Each subdirectory 215 and 413 I broke into three parts too. The problem is that we have to jump from HS level of knowledge (next to nothing) to 400 level in Playscript (I have English grads in). Not onkly the last is writing intensive, they must know how to apply drama to acting and directing (working knowledge of the plays).
THR215 and THR413 have the same breakdown (four parts)!
Stay with me, I will sort out the pages of the main directory under the new organization (lessons). You might tale a look at THR413 Playscript analysis subdirectory; since I teach it in the Fall of 2003, the updates most likely will be get there first.
DRAMATURGY AND DOUBTING: "I believe that the basic requirement
for all rehearsal work at the Schaubuhne is primarily a kind of
doubting process . . . a doubting and questioning of the theatri-
cal means and also of the traditional themes." Jack Zipes. "Utopia as the Past Conserved: An Interview with Peter Stein and Dieter Sturm of the Schaubuhne am Halleschen Ufer." Theater 9.1 (1977): 52.
DRAMATURGY AND AUTHORITY: "In most German theatres the
chief Dramaturg holds a position of considerable power and often
dominates even the top man, the artistic director.... Often very
sharp conflicts develop between them . . ." Esslin 49.
But why does Tragedy select subjects so awfully repugnant to the wishes and the wants of our sensuous nature? This question has often been asked, and seldom satisfactorily answered. Some have said that the pleasure of such representations arises from the comparison we make between the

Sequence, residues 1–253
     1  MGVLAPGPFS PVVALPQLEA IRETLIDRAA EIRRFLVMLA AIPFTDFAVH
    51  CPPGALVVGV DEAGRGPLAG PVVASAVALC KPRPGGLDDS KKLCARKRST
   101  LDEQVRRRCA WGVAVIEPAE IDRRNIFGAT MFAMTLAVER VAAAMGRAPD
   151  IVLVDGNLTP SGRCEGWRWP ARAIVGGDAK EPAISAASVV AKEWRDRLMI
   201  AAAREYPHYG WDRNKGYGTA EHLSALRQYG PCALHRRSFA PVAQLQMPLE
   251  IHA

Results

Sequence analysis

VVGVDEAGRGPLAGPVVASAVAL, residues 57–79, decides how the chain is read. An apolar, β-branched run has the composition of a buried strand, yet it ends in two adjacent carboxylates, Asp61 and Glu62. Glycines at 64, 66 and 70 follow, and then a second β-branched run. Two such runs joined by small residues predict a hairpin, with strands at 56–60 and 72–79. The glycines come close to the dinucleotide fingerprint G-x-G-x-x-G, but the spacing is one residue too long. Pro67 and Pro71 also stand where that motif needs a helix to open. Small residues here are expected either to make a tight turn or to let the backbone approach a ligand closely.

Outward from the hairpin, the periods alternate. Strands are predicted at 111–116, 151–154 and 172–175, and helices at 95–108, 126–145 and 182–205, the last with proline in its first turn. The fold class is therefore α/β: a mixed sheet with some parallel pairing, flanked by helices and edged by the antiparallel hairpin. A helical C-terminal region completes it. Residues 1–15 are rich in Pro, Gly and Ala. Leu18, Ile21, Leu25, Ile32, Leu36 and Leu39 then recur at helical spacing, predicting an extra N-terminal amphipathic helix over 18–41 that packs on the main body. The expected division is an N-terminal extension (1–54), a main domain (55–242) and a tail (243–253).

calmness and tranquillity of our own situation, and the storms and
perplexities to which the victims of passion are exposed. But when we take
a warm interest in the persons of a tragedy, we cease to think of
ourselves; and when this is not the case, it is the best of all proofs
that we take but a feeble interest in the exhibited story, and that the
tragedy has failed in its effect. Others again have had recourse to a
supposed feeling for moral improvement, which is gratified by the view of
poetical justice in the reward of the good and the punishment of the
wicked. But he for whom the aspect of such dreadful examples could really
be wholesome, must be conscious of a base feeling of depression, very far
removed from genuine morality, and would experience humiliation rather
than elevation of mind. Besides, poetical justice is by no means
indispensable to a good tragedy; it may end with the suffering of the just
and the triumph of the wicked, if only the balance be preserved in the
spectator's own consciousness by the prospect of futurity. Little does it
mend the matter to say with Aristotle, that the object of tragedy is to
purify the passions by pity and terror. In the first place commentators
have never been able to agree as to the meaning of this proposition, and
have had recourse to the most forced explanations of it. Look, for
instance, into the _Dramaturgie_ of Lessing. Lessing gives a new
explanation of his own, and fancies he has found in Aristotle a poetical
Euclid. But mathematical demonstrations are liable to no misconception,
and geometrical evidence may well be supposed inapplicable to the theory
of the fine arts. Supposing, however, that tragedy does operate this moral
cure in us, still she does so by the painful feelings of terror and
compassion: and it remains to be proved how it is that we take a pleasure
in subjecting ourselves to such an operation. [S]
In DramLit use Berford textbook. In THR413 Analysis we continue to read the plays from Modern Drama (textbook -- and your 200 words posts every week for each new play), but our focus is different (see THEMES directory).
In Part 1. Craft we talked about the general rules that govern any play, the grammar of dramatic language. Now it's time to use how each individual writer uses (and develops) this language -- and therefore we must discuss the ART of playwrighting (back to the six elements by Aristotle, but from the IDEA(s) principle).
Get used to the different ways of seeing the three main elements (Plot, Character, Thought) in different seguences: Plot (Action) > Character (Hero) > Thought (Message) or (here, in part 2):
Thought > Character > Story
[ I will explain when and why we should use diffferent approaches: action-oriented, character-oriented or message-oriented scripts.